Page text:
Computers have become a powerful tool in the field of engineering. Before
the widespread availability of computers, mathematical models of engineering
problems needed to be simplified to the point that the calculations could
be reliably performed by a single individual using a calculator or slide rule,
and, fortunately, for many engineering problems, simplified models were
adequate. However, as process complexity and engineering design complexity
increased, engineers increasingly turned to computers for help in managing
and automating the large number of calculations required.
The computational tools used by engineers have evolved considerably over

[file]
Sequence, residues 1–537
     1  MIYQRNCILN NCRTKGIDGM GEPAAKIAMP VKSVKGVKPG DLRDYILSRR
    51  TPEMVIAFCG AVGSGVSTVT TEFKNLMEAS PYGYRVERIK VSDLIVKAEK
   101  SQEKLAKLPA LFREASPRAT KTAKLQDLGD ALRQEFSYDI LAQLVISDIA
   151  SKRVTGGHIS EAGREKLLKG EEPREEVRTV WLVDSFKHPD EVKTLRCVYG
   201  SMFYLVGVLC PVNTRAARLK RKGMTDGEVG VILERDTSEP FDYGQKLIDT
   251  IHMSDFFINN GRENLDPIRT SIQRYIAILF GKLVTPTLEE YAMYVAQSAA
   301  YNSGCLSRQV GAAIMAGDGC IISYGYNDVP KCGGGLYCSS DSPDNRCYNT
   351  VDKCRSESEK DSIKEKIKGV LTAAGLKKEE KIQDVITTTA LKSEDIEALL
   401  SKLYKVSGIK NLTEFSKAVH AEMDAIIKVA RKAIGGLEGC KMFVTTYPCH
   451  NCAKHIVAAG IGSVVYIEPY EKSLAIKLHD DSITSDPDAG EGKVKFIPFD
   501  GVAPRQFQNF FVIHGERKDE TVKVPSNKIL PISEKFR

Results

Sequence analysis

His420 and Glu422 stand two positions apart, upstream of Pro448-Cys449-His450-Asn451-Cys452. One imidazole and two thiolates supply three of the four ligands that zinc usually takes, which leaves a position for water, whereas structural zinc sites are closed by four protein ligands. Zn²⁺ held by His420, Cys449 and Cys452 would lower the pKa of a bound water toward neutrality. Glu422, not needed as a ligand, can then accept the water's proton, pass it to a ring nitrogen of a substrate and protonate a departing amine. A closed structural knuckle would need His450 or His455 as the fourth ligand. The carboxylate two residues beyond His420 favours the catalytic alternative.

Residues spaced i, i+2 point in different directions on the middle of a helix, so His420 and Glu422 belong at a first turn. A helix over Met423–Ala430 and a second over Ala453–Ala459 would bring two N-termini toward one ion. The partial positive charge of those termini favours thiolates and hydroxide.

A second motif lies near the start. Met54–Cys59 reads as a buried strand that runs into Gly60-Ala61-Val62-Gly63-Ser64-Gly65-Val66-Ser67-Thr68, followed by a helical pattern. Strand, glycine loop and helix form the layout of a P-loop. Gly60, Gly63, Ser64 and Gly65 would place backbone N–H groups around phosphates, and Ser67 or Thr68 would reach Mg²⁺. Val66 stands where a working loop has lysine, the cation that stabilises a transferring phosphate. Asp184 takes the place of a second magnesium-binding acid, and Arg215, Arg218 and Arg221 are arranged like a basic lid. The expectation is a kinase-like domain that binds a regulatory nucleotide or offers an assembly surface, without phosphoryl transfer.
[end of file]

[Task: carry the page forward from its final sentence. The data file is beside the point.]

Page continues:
the past few decades. In the 1960s and 1970s, computers were not widely
available, and they were a specialized tool that was operated by highly trained
individuals. In the 1980s and 1990s, computers became widely available, but the
engineering software and computational tools were relatively simple compared
to what is available in the twenty-first century. The individual that was using
the computer general understood the calculations that were being performed,
and the computer was primarily a tool for automating those calculations. Many
engineering students during this time learned to program in either FORTRAN
or C, and the programs written by engineers were frequently limited to a
few hundred lines of code. More specialized and easier to use programming
environments like MATLAB and IDL were also developed during the 1980s,
and they usually helped to decrease the time required to write a computer
algorithm, but they increased the time required to execute or run the algorithm.